• Alica states how she doesn't mind cleaning but hates to cook. Important characteristic that is reiterated later.
  • The back drops are great, sound stage, fake, yet still so believable.
  • The dialogue here is unbeatable.
  • He says "yes ma'am" which indicates their relationship is farther along, she has more control. Also evident by her first refusal to drink. He calls her on it and they re-establish their roles.
  • "No Dev, I'm making fun of myself. I'm pretending I'm a nice, unspoiled child whose heart is full of daisies and buttercups."--All time favorite line in this film.
  • She taunts him when he asserts himself. They want to maintain their independence and their statuses. It becomes more and more of a fascade as the film and their relationship progresses.
  • They have assertiveness but because they are falling in love, they depend on each other's opinion--which before--would have never mattered.
  • She taunts him right into a smooch. WOOT!
  • Man handled. Dev <3's>
  • We meet the group of dudes who are the C.I.A. They are in charge of the mission and are a chorus of sorts. By "chorus" I am referring to the classic Greek style of a group of people who remind the audience of the correct/incorrect choices, the plot, the past, the future and what should/shouldn't happen. They are not completely a chorus because they dictate the mission as well. They are there to question the antics of the characters and to set up the conflict. There is a lot of passive agressiveness in this group of gentlemen which only heightens the conflict and swallows the feminine nature that could have thrived in the atmosphere, but is choked out instead. The sweet juxtaposition that arises here is, they are completely dependent on Alicia for the mission. She is a woman, but she is who they have to listen to and the carrier of all information, putting them all below her in stature, though it could never actually be addressed. Sexual politics again!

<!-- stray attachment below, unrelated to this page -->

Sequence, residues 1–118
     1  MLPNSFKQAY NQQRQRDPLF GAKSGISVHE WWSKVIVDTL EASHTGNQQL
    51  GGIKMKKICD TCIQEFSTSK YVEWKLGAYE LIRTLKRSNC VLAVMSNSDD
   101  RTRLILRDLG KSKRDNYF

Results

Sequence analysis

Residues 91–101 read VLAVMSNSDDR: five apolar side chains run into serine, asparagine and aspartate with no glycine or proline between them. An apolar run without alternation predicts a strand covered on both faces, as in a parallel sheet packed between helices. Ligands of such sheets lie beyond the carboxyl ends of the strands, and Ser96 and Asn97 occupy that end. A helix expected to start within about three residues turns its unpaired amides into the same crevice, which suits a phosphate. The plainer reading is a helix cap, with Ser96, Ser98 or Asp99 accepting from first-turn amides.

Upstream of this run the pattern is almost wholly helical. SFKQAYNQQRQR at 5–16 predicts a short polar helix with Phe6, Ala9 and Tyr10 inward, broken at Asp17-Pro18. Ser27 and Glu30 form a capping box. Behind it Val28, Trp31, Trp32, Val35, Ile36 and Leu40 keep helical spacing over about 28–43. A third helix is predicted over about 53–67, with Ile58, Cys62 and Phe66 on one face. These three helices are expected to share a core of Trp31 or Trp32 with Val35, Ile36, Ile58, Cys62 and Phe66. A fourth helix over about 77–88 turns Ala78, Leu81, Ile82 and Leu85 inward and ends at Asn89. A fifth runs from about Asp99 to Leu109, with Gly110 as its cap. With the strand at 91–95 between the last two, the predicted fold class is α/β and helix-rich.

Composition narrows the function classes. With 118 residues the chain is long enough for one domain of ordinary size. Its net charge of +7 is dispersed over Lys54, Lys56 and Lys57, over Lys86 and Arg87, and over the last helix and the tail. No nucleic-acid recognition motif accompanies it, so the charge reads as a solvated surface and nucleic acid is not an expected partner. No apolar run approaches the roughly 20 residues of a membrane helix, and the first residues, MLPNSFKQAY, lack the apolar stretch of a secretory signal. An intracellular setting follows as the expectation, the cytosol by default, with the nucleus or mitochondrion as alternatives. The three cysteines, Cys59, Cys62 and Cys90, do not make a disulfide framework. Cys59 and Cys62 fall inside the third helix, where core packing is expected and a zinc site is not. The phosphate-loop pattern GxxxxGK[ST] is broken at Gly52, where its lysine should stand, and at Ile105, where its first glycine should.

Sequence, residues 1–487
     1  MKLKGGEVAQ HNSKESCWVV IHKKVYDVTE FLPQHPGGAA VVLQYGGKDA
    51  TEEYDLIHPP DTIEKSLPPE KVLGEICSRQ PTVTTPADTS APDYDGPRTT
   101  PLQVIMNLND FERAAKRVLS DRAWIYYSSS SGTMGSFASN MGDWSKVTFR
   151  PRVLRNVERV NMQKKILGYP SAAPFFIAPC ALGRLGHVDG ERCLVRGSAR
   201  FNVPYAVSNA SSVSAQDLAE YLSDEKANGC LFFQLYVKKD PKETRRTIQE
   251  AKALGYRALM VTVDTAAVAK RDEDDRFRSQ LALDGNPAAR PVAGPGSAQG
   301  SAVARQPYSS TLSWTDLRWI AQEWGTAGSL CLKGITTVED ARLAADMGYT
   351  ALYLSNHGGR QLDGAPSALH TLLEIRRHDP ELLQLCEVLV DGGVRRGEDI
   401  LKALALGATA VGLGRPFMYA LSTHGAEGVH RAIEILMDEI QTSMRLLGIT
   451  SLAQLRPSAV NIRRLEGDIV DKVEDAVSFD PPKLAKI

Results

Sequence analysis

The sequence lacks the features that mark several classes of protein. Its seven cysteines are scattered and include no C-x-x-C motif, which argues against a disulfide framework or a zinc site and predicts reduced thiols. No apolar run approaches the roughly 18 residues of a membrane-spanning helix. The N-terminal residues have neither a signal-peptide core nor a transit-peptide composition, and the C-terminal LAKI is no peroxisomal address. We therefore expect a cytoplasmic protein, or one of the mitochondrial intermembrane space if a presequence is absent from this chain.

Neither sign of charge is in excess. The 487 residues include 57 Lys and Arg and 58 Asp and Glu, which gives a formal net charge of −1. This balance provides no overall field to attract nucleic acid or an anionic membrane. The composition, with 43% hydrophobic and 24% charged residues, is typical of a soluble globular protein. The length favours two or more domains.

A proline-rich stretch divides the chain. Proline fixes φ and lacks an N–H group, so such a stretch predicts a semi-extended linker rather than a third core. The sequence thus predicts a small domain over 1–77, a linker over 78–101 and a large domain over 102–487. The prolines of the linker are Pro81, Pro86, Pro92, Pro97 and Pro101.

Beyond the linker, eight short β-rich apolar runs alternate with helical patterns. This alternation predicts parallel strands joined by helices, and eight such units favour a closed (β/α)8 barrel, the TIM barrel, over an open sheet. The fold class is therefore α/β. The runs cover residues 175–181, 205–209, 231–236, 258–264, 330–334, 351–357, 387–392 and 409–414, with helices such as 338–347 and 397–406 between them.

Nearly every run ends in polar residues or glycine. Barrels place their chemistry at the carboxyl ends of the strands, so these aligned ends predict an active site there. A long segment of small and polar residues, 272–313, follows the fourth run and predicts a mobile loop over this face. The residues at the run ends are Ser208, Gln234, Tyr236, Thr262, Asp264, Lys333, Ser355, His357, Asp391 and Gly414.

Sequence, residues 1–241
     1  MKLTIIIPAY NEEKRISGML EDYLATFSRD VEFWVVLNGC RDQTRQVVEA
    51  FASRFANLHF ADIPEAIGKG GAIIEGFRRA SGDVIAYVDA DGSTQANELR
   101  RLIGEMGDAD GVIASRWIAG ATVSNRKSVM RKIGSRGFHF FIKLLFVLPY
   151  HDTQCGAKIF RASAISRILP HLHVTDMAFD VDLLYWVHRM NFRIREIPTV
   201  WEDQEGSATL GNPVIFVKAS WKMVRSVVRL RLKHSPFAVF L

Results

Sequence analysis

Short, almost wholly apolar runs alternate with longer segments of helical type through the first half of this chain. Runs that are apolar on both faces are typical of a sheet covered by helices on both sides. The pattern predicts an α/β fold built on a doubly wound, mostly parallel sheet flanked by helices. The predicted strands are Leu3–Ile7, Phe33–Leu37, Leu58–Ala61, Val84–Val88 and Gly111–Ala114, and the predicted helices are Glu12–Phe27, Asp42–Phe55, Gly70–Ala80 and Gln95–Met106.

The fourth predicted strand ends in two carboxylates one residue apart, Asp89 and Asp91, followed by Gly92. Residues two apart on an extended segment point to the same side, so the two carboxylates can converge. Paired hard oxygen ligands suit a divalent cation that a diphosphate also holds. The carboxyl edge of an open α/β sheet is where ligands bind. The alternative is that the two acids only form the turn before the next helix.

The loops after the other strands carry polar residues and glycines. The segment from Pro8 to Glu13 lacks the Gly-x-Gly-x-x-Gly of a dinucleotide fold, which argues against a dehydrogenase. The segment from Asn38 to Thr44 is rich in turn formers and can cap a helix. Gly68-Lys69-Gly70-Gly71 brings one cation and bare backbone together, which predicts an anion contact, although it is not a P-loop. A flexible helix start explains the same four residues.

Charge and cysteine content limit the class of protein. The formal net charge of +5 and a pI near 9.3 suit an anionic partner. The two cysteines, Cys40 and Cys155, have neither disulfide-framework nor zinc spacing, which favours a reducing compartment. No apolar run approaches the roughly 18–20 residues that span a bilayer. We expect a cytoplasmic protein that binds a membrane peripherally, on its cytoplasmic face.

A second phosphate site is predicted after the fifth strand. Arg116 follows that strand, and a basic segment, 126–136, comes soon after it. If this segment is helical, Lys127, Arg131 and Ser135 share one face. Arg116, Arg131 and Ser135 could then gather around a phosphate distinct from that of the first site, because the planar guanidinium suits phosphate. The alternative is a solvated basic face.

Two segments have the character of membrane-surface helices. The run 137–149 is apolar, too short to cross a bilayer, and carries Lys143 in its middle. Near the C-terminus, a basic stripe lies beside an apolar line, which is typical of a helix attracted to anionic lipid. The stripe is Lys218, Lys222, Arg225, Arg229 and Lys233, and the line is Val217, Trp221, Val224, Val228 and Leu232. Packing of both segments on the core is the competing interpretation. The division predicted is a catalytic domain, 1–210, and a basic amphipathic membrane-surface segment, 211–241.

• They are a reassurance of the plot. They are also returning to how the characters were originally set up.
  • This is one of the most famous kissing scenes in film history. The production codes of the time required a 3 second maximum for a kiss. Hitchcock wanted this love scene to last longer so he worked out some loopholes and ended up with a 3 minute long kiss. The actors stayed as close as possible, kissing on an off, involving the audience and a phone. The scene was seductive, provocative and completely within code. When Hitchcock approached Ben Hecht with the idea, all Hecht had ot say about it was "what's all this talk about chickens?" Hitchcock had the vision and the love of food, but not the words. Those came later. :)